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I can't find any good sources on this one. The only textbook I have says nothing about it. I've been restricted to the use of some formulas given by our teacher which I don't understand why they achieve the increase. He didn't want to work much on this kind of controller due to the little time we had left.

So how do I go about designing a controller which increase the gain or phase margin?

One thought: The gain margin is the gain for which the system is critically stable. Therefore moving the dominant pole further away from the origin could help increase the gain margin. As for increasing the phase margin to a specific value I have no idea. Phase margin is my main concern to be honest.

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  • \$\begingroup\$ To add to verbalkint's fine answer, remind yourself how you treat a zero on a rootlocus plot (one of the poles is pulled into the zero) so when chosen appropriately you can ensure a pole at DC (an integrator) is pulled into the left-hand plane. \$\endgroup\$ – sstobbe Sep 21 '17 at 14:33
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There are plenty of compensator types you can think of when attempting to compensate a given plant. First off, you need the plant dynamic response. This is what is called the control-to-output transfer function. From this response, you can infer what compensation strategy is needed to fulfill your goals. Basically, at least in power electronics, there are three compensator types: type 1, type 2 and type 3. They can be built around an active amplifier like an op amp, an OTA and a shunt regulator (TL431) for instance. The below picture shows you what they can do in terms of dynamic response.

enter image description here

You select the type by knowing the amount of "phase boost" you need to meet the phase margin criteria. The phase boost is the amount of positive phase lead you need to compensate the lag incurred by the power stage at the selected crossover frequency \$f_c\$.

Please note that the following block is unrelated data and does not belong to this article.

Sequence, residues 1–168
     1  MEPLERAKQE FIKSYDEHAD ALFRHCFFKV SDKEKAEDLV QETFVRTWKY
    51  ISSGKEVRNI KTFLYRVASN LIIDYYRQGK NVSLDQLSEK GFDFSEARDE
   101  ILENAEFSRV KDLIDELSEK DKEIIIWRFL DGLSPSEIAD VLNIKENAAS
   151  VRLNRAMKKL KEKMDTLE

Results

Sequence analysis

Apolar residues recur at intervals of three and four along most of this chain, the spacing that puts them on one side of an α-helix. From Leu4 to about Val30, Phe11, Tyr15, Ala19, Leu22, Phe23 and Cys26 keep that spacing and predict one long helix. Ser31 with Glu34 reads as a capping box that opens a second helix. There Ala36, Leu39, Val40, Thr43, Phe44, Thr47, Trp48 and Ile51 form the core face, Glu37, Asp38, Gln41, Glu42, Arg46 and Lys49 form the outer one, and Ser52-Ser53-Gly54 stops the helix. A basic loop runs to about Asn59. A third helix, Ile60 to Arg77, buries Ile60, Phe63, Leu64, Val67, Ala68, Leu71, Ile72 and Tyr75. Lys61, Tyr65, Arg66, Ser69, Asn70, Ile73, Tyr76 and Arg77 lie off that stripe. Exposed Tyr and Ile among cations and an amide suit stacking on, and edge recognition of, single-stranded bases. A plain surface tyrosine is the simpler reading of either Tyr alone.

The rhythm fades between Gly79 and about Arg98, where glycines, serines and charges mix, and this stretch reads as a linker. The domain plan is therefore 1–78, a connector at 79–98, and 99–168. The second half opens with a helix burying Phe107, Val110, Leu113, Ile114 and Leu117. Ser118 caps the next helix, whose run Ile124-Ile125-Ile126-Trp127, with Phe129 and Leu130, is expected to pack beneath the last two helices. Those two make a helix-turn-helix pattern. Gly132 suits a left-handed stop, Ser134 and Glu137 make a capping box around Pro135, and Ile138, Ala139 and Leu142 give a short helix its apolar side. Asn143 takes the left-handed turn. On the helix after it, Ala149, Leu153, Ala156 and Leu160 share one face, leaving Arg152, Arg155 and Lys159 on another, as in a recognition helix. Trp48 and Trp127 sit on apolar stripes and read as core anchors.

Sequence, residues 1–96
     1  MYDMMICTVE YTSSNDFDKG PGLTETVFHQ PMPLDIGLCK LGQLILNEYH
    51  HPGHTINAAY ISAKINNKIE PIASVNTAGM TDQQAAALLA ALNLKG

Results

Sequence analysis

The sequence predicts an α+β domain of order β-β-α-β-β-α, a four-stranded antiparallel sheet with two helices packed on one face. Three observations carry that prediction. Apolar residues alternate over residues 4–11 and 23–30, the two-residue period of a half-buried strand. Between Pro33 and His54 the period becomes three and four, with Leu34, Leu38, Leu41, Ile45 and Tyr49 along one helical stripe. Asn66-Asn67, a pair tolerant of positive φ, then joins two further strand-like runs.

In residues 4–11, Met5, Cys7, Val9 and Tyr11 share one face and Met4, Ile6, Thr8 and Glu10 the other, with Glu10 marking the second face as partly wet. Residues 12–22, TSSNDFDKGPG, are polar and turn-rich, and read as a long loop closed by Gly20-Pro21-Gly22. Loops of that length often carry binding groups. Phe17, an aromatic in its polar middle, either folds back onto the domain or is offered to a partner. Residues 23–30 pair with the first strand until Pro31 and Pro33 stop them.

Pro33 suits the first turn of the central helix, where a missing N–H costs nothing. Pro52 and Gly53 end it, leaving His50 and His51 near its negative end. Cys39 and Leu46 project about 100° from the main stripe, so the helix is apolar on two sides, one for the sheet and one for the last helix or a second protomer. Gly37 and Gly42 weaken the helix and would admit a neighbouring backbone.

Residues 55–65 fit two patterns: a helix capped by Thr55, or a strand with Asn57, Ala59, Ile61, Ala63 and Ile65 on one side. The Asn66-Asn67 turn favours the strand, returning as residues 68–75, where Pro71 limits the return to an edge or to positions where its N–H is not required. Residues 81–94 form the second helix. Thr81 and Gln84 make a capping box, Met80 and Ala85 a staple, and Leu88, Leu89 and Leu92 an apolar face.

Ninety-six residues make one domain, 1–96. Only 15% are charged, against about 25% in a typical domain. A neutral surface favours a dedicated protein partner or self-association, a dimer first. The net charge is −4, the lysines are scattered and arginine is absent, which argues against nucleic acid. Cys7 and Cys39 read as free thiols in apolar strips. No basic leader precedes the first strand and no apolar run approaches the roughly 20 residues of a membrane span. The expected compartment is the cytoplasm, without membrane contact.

A type 1 is a simple integrator. It features a pole at the origin and lags the phase by 270°. There is no boost. A type 2 combines a pole at the origin and a pole-zero pair. By adjusting the distance between the pole and the zero, you adjust the boost up to 90° in theory. Finally, a type 3 adds another pole/zero pair to the original type 2 and lets you boost the phase up to 180°. I have a complete seminar on the subject of compensator that you can download here and a book you could consider for closing the loop is this one. Good luck with your project!

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If you want to increase the gain, then you should first analyse the control loop by injecting test signals, like sweep, PRBS, ...then you draw the Bode plot. If the system has a resonance frequency, then you might introduce a notch filter, that suppresses that frequency band.

To me, it is the only known way to increase the gain: adding the correction filters.

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Basically you need to design a PID compensator.

This subject is called controller design and it's covered in the field of power electronics. My personal text book is "Fundamentals of power electronics" Ericson, Maximovic. Check chapter 9 "Controller Design" there is an example how to design your PID compensator for a buck converter. You should be able to use any other book on the same topic. Also you can genarally use a microcontroller to do the same job.

The other posibility is to hire someone to design you the compensator. I think you can find online easily a freelancer to do that for you almost for free.

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